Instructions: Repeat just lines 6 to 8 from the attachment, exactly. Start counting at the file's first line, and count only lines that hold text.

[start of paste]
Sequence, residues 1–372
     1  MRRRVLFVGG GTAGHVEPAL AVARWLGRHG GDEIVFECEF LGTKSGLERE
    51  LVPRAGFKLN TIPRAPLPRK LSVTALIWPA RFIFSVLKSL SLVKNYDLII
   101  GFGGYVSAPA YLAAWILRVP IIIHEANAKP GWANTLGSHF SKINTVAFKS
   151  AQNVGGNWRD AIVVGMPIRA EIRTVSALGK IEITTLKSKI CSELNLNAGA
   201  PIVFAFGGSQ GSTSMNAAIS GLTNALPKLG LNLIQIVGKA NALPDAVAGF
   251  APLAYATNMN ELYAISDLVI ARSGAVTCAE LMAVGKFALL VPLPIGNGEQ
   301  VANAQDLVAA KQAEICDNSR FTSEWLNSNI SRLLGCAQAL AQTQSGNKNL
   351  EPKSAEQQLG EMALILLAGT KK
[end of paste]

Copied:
   201  PIVFAFGGSQ GSTSMNAAIS GLTNALPKLG LNLIQIVGKA NALPDAVAGF
   251  APLAYATNMN ELYAISDLVI ARSGAVTCAE LMAVGKFALL VPLPIGNGEQ
   301  VANAQDLVAA KQAEICDNSR FTSEWLNSNI SRLLGCAQAL AQTQSGNKNL